Advanced Black Lung Cases Surge In Appalachia
Across Appalachia, coal miners are suffering from the most serious form of the deadly mining disease black lung in numbers more than 10 times what federal regulators report, an NPR investigation has found.
The government, through the National Institute for Occupational Safety and Health, reported 99 cases of "complicated" black lung, or progressive massive fibrosis, throughout the country the last five years.
But NPR obtained data from 11 black lung clinics in Virginia, West Virginia, Pennsylvania and Ohio, which reported a total of 962 cases so far this decade. The true number is probably even higher, because some clinics had incomplete records and others declined to provide data.
"The actual extent of PMF in U.S. coal miners remains unclear," says the report, which appears in this week's issue of the Morbidity and Mortality Weekly Report, published by the Centers for Disease Control and Prevention.
"I can't say that I've heard really anything worse than this in my career," says Robert Cohen, a pulmonologist at the University of Illinois, Chicago who studies and tracks black lung.
"I can't think of anything in this particular field ... that's more frightening than this," Cohen adds.
Edward "Lee" Petsonk of West Virginia University has spent three decades addressing the disease and finds NPR's numbers "very disheartening, very disappointing."
"I've spent much of my career trying to find ways to better protect miners' respiratory health," Petsonk says. "It's almost like I've failed."
NIOSH released a report Thursday, published in the Morbidity and Mortality Weekly Report, which focuses on a small health clinic in Kentucky with 60 cases alone of PMF in 20 months. The report acknowledges cases are being missed by the government's count; it concludes: "The actual extent of PMF in U.S. coal miners remains unclear."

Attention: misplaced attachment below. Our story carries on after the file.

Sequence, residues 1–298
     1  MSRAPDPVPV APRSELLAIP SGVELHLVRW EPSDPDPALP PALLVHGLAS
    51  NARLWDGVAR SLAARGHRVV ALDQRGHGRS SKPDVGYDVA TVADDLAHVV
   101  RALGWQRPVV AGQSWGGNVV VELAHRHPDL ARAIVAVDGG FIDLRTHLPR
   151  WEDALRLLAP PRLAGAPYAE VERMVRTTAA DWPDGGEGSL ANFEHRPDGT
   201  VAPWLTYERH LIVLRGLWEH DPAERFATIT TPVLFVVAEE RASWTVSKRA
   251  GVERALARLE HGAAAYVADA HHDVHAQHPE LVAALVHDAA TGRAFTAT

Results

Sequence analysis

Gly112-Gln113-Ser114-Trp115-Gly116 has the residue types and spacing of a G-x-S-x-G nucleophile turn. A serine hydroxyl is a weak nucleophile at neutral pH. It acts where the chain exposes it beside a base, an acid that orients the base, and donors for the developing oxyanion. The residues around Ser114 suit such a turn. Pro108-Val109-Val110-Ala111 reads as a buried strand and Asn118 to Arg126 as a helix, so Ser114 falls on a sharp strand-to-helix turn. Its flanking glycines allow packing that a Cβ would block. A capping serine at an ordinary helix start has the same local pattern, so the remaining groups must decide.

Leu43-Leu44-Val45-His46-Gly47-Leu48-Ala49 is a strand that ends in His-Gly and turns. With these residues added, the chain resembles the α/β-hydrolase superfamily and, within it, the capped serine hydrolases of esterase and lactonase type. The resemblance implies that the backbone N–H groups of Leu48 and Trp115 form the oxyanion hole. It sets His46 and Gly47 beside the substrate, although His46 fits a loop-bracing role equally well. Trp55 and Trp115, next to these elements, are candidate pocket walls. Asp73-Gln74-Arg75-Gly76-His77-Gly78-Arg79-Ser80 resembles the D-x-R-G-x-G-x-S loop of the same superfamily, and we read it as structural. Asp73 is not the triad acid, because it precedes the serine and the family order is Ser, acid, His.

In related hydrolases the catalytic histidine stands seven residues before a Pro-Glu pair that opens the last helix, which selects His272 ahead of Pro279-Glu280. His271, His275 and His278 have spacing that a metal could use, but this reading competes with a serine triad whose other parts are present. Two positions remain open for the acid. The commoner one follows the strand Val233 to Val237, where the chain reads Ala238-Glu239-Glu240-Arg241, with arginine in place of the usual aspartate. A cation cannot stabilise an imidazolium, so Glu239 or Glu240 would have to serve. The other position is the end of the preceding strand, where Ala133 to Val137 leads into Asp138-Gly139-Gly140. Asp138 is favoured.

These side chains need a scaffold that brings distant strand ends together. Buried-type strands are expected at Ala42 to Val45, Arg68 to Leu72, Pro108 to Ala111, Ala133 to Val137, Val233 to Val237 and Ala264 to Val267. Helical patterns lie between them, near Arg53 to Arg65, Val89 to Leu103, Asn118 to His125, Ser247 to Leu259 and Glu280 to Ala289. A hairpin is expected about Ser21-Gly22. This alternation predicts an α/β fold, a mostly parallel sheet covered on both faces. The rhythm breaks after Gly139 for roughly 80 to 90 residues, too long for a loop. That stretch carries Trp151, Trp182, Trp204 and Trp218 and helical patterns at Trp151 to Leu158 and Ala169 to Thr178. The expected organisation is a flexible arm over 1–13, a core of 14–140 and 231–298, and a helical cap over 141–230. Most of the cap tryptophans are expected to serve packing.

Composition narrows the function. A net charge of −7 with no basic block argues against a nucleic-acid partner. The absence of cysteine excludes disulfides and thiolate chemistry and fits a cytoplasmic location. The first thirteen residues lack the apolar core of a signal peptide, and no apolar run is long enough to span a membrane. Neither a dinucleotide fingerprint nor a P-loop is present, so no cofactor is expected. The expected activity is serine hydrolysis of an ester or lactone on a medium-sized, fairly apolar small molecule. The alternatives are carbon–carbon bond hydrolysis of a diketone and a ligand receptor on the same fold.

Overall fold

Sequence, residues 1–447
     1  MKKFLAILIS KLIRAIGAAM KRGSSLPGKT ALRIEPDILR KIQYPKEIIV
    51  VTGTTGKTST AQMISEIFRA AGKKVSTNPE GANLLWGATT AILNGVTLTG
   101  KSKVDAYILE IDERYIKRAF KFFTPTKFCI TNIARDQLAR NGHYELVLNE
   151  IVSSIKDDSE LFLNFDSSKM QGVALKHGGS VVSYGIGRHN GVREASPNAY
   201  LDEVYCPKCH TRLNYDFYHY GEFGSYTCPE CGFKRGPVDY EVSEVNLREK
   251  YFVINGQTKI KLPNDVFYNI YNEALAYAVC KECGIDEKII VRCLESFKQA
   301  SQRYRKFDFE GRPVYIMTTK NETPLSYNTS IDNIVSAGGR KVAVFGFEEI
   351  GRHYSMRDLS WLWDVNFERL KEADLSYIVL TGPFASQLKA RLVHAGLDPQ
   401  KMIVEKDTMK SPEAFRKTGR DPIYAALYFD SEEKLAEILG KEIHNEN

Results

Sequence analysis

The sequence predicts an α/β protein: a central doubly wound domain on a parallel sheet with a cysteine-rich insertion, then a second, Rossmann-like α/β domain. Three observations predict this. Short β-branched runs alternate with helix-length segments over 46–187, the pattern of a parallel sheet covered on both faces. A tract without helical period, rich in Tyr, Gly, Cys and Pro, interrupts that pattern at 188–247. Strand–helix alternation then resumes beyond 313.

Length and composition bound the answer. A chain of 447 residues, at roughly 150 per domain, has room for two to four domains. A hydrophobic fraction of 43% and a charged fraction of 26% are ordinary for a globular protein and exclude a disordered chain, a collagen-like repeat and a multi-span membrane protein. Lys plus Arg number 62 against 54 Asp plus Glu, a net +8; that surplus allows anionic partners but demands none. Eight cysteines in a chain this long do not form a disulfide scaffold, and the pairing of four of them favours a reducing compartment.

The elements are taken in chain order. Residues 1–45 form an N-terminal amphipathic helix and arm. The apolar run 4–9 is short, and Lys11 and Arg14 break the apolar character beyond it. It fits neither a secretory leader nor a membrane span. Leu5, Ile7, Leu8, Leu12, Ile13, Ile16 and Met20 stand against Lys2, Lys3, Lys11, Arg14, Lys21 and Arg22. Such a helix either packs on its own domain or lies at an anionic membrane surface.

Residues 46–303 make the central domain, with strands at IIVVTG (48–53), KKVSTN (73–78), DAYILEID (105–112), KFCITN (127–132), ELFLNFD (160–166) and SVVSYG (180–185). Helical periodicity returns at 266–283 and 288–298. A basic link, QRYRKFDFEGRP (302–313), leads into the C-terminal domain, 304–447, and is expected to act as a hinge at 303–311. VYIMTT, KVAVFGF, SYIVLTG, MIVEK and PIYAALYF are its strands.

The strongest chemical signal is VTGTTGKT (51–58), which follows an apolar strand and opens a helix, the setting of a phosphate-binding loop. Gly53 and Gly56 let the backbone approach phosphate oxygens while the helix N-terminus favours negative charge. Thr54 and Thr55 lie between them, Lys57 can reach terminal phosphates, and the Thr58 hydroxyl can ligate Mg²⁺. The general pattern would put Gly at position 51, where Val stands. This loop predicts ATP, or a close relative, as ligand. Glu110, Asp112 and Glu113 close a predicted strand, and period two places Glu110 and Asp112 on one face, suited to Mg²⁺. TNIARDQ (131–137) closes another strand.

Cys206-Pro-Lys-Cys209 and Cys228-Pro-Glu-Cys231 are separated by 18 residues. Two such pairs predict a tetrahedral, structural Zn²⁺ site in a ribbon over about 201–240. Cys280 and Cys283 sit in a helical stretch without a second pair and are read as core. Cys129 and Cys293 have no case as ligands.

"The more I talk, the more I get out of breath"
Mackie Branham, 39, of Elkhorn Creek, Ky., spent 19 years mining coal until he was diagnosed with complicated black lung. He ran monstrous mining machines and drilled bolts into mine roofs — occupations NIOSH says can involve excessive mine dust exposure. He worked double shifts and seven-day weeks every chance he had.
His gallbladder was removed one day and he says he was back at work the next. He took two days, he says, after knee surgery, before working a 12-hour shift drilling bolts. But severe breathing problems forced him to leave work in March. And he struggles for every breath now.
"My dad has got it. Everybody that has got it, got it when they had like first stage or so. I'll probably be the first born to be this bad in the family," Branham says, describing a family legacy of black lung.
"They can't breathe but they can still get up and walk around and do stuff. The more I talk, the more I get out of breath. It's like I ain't got no capacity."
Branham was diagnosed with PMF at United Medical Group, a clinic in Coal Run Village, Ky., that was the subject of the NIOSH study. Radiologist Brandon Crum was alarmed by the numbers of miners coming in with such severe disease, including some like Branham, who were in their 30s and 40s and worked less than 20 years underground. So he contacted NIOSH researchers.
"I think the percentage of black lung that we're seeing now here in central Appalachia is unprecedented in any recorded data that I can find anywhere," Crum says. "In this clinic we're roughly around 9 to 10 percent complicated rate, which is around three times higher than even the highest reported numbers."
NIOSH researchers gathered at the clinic and verified the diagnoses. They, too, were alarmed.
"The current numbers are unprecedented by any historical standard," says NIOSH epidemiologist Scott Laney, who has focused on black lung as well as the recent Ebola outbreak in Africa.
"We had not seen cases of this magnitude ever before in history in central Appalachia."
Crum tells NPR he diagnosed 10 more cases of PMF since Laney and his colleagues left the clinic.
In three years, 644 cases
Life with PMF is bleak. It's incurable and fatal.
Fifty-three-year-old Charles Wayne Stanley of Pound, Va., is matter-of-fact about his future.
"Staying on oxygen 24/7, dying of suffocation, that's what I've got to look forward to," Stanley says, as he sits in a clinic in St. Charles, Va.
"I've seen it too many times. My wife's grandpa ... [I] watched him take his last breath. I watched my uncle die with black lung. You literally suffocate because you can't get enough air. That's my prospects."
Stanley says his diagnosis includes black lung and silicosis.